Lawmakers moved forward a bill that would give many residents direct cash relief, after doubling the potential benefit during session Monday afternoon.

“We can see the writing on the wall: unemployment benefits, which have saved tens of thousands of workers from financial disaster, may not be as robust as it is today. Our neediest people will need another round of assistance this year, likely within the next few months,” said bill sponsor Régine Biscoe Lee.

Bill 340 would create the “Recovery Income Support and Empowerment” program. It originally would have authorized the government to pay $400 to individual tax filers whose adjusted gross income is $40,000 or less, or $800 to joint filers whose income is $80,000 or less.

After an amendment proposed by Sen. Therese Terlaje, who pointed out that $400 won’t cover any residents’ rent, the bill now authorizes the government to pay up to $800 to individual tax filers, or up to $1,600 to joint filers.

The bill would appropriate up to $30 million for the relief payments, either from future federal pandemic relief for the island or using local revenue.

Government of Guam and federal employees, who have been paid during the pandemic, wouldn’t qualify. The new language would require that retirees, in order to be eligible, were not employed federally or with GovGuam at any point in 2020, according to the bill’s updated language.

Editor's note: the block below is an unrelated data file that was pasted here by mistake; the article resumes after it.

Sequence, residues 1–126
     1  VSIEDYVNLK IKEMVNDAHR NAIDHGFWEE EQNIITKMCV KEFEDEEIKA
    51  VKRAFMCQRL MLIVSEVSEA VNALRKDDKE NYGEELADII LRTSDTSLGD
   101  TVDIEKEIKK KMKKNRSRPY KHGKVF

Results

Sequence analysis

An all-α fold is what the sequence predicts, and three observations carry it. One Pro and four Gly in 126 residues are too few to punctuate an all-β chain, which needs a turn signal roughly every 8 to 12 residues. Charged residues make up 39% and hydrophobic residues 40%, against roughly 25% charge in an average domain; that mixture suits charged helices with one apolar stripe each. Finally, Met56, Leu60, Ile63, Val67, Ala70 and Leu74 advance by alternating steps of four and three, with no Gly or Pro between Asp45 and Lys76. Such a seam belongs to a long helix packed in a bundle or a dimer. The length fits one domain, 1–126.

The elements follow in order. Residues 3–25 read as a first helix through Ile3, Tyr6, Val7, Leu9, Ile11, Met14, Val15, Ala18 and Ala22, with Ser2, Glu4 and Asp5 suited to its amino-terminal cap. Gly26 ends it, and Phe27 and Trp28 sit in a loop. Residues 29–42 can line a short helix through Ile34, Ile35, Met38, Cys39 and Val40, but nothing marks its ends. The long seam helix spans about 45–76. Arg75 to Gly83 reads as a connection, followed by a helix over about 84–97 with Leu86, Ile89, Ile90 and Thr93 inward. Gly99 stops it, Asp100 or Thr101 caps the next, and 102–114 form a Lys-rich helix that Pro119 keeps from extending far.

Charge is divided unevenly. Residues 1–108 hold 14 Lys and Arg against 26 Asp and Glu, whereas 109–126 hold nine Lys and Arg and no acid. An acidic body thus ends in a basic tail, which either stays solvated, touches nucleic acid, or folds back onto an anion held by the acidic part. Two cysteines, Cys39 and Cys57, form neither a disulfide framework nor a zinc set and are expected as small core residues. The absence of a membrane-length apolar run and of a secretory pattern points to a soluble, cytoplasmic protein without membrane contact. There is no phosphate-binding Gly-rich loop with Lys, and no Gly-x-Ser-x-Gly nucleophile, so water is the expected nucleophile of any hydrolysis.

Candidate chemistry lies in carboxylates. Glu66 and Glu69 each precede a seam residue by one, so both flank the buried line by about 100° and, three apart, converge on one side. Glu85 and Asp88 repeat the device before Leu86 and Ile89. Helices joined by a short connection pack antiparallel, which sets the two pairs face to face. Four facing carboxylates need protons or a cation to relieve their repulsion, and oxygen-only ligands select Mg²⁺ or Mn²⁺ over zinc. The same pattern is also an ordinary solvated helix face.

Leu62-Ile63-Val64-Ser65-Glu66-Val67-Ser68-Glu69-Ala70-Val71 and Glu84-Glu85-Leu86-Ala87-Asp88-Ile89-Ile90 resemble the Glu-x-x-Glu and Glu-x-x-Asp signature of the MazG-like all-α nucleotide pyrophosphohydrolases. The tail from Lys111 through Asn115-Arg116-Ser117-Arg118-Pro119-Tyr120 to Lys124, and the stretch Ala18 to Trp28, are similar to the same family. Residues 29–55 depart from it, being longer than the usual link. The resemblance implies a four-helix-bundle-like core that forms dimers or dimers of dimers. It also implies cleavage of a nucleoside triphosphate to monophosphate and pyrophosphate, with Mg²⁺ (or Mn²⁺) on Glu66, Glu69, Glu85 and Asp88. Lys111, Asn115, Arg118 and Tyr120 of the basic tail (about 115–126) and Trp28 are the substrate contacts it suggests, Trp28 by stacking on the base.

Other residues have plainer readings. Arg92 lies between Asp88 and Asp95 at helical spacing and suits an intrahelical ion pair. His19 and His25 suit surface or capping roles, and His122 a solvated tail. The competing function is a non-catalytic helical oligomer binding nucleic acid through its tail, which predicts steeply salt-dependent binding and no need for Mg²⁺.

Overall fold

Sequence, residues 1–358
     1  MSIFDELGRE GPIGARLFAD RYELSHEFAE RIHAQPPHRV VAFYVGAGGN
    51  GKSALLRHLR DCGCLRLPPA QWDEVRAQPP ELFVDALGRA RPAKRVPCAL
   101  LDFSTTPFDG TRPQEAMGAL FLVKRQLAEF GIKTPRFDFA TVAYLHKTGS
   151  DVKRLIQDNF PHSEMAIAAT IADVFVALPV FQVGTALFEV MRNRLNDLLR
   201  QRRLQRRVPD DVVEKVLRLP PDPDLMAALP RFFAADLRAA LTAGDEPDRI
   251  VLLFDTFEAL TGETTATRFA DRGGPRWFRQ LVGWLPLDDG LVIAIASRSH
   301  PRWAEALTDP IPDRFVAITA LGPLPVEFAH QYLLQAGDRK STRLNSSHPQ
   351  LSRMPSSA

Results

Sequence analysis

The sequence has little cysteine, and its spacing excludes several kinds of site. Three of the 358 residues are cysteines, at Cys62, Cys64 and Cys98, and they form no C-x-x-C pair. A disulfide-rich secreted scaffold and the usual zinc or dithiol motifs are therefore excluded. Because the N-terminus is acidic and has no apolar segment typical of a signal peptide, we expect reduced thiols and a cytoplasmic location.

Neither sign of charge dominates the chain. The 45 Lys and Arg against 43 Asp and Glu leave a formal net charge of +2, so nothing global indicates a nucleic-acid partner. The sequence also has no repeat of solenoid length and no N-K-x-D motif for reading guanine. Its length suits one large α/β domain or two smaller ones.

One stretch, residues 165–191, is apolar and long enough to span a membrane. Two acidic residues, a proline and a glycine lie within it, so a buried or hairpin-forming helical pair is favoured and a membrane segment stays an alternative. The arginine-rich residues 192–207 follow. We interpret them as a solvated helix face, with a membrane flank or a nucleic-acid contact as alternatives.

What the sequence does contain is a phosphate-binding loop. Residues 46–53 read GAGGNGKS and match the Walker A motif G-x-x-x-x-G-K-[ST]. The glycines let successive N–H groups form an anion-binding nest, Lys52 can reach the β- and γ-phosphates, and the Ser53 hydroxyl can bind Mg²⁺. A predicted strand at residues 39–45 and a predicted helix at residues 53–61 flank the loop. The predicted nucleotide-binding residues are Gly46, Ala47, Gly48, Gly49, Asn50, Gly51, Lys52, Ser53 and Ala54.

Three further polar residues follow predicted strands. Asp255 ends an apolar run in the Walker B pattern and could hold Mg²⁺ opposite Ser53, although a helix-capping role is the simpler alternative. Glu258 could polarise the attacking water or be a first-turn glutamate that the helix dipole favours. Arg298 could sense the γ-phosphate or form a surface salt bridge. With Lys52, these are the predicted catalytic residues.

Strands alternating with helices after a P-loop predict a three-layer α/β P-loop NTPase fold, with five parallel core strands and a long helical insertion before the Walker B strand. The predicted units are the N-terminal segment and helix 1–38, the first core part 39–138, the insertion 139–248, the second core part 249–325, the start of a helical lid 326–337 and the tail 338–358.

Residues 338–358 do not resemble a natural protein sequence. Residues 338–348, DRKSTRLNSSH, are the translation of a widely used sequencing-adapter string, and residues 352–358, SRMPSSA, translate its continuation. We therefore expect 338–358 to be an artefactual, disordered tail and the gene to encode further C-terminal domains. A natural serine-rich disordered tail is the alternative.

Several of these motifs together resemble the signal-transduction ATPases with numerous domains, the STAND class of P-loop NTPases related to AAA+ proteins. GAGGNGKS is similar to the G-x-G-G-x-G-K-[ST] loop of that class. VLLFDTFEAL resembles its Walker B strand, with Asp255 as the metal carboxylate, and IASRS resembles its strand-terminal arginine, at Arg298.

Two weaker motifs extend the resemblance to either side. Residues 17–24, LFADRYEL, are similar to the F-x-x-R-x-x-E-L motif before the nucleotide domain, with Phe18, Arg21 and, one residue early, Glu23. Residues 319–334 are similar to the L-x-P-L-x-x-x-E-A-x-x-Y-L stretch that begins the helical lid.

More:Lawmakers consider giving more pandemic cash to residents — except government workers

If approved, the Department of Revenue and Taxation won’t be ready to implement the program until mid- to late February, Dafne Shimizu, the agency’s director, told lawmakers last week. The application process likely would be online, similar to other local assistance programs, she said.

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Bureau of Budget and Management Research Director Lester Carlson last week said all of this year’s federal CARES Act money for Guam has been or will be spent by the Dec. 30 deadline, so none of that money will be available for the program.

The bill was moved to the voting file.

That’s not enough money to cover every eligible person on Guam, Lee said, so government employees should be excluded so total payments are limited to about 30,000 filers. Lee said couples who file jointly would receive $400 instead of $800 if one of the spouses works for the government.

CSC bill set aside
A bill that would change some Civil Service Commission procedures was once again set aside after a morning of debate.

Sen. Mary Torres’ Bill 312 was set aside during last month’s session as well. The bill would support the Civil Service Commission in its mission to “promote and protect the merit selection process in the hiring of employees for the government of Guam.” Among other provisions, it would implement a six-month statute of limitations to submit a complaint about an employee’s qualifications for a position.

Many senators didn’t agree with bill, stating there should be no limit on removing an employee not validly qualified for a job.

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